Definitions

from Wiktionary, Creative Commons Attribution/Share-Alike License

  • adj. Put in dread; afraid.

from the GNU version of the Collaborative International Dictionary of English

  • adj. Put in dread; afraid.

from The Century Dictionary and Cyclopedia

  • Same as adread, participial adjective

Etymologies

Sorry, no etymologies found.

Examples

  • Never did he lose heart, and of naught was he adrad.

    The Story of the Volsungs

  • And once again he spake, “A countenance of terror I bore up before all folk, after that I brooded over the heritage of my brother, and on every side did I spout out poison, so that none durst come anigh me, and of no weapon was I adrad, nor ever had I so many men before me, as that I deemed myself not stronger than all; for all men were sore afeard of me.”

    The Story of the Volsungs

  • Hogni said, “Do according to thy will; merrily will I abide whatso thou writ do against me; and thou shalt see that my heart is not adrad, for hard matters have I made trial of ere now, and all things that may try a man was I fain to bear, whiles yet I was unhurt; but now sorely am I hurt, and thou alone henceforth will bear mastery in our dealings together.”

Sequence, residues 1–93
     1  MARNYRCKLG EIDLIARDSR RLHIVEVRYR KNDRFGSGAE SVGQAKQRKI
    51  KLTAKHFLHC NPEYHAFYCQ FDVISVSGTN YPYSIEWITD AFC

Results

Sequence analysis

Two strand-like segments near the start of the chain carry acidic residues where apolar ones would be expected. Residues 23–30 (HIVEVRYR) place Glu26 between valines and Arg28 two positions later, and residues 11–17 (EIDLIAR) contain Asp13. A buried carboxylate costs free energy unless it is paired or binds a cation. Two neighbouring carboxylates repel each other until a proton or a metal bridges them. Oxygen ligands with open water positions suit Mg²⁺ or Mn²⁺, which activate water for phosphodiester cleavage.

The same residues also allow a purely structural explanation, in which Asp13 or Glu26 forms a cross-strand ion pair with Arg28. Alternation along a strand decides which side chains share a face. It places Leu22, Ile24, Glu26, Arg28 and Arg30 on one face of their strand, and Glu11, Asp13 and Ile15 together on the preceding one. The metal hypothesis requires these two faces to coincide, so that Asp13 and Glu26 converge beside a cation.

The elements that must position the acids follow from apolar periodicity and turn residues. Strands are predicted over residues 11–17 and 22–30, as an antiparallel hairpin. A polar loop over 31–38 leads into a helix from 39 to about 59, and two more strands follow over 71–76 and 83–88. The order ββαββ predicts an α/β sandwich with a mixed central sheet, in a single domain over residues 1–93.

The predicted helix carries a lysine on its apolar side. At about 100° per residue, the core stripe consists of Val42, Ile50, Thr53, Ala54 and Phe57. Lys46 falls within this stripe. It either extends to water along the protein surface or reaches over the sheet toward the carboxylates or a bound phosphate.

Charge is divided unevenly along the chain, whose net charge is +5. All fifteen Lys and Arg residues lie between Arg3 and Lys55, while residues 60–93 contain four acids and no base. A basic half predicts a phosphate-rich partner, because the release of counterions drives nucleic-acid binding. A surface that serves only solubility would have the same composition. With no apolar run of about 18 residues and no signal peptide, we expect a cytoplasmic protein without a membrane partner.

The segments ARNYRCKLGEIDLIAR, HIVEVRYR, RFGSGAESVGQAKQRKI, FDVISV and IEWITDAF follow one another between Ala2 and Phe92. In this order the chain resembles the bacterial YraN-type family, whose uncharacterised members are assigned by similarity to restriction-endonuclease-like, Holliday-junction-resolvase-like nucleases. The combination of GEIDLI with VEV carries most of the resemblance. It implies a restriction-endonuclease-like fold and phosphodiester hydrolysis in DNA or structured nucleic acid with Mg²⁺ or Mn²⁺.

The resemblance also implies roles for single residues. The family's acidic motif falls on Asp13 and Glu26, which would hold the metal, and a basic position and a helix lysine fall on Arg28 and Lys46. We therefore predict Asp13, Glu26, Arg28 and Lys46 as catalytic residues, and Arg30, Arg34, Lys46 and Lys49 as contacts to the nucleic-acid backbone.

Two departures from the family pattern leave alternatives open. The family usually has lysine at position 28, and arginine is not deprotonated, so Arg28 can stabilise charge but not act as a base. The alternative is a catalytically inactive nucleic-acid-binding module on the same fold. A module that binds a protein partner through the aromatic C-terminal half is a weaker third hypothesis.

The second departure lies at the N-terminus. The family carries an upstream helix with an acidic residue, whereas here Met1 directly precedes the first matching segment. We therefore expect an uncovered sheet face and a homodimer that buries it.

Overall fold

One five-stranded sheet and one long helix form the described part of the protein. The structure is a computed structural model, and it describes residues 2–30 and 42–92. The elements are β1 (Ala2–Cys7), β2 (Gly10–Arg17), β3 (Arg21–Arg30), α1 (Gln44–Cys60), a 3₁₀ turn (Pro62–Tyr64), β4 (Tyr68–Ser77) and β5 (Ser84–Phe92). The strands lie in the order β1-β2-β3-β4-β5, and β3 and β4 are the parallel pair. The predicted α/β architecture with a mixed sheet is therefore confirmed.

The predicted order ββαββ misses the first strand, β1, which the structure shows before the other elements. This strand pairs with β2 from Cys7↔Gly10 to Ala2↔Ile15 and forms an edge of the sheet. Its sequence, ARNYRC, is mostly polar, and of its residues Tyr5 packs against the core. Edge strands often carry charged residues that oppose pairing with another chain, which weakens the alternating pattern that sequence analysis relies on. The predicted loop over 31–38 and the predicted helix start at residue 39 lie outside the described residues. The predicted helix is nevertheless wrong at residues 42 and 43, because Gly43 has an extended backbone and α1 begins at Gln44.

The Story of the Volsungs

  • Hadst thou never heard how that all folk were adrad of me, and of the awe of my countenance?

    The Story of the Volsungs

  • Now crept the worm down to his place of watering, and the earth shook all about him, and he snorted forth venom on all the way before him as he went; but Sigurd neither trembled nor was adrad at the roaring of him.

    The Story of the Volsungs

  • And Cosdroe, king of the Persians, subdued to his empire all the realms of the world; and he came into Jerusalem and was afeard and adrad of the sepulchre of our Lord, and returned, but he bare with him the part of the Holy Cross that S. Helena had left there.

    The Golden Legend, vol. 5

  • 'Ouvre,' he cried, 'ouvre,' or some such word, making signs for me to open the gate; and then 'Merci,' as though he were adrad of me.

    The White Company

  • ` Ouvre, 'he cried, ` ouvre,' or some such word, making signs for me to open the gate; and then ` Merci, 'as though he were adrad of me.

    The White Company

  • "Methought a bear came in," she says, "and brake up the king's high-seat, and shook his paws in such a wise that we were all adrad thereat, and he gat us all together into the mouth of him, so that we might avail us naught, and thereof fell great horror on us."

    The Story of the Volsungs

  • “Methought a bear came in,” she says, “and brake up the king’s high-seat, and shook his paws in such a wise that we were all adrad thereat, and he gat us all together into the mouth of him, so that we might avail us naught, and thereof fell great horror on us.”

    The Story of the Volsungs

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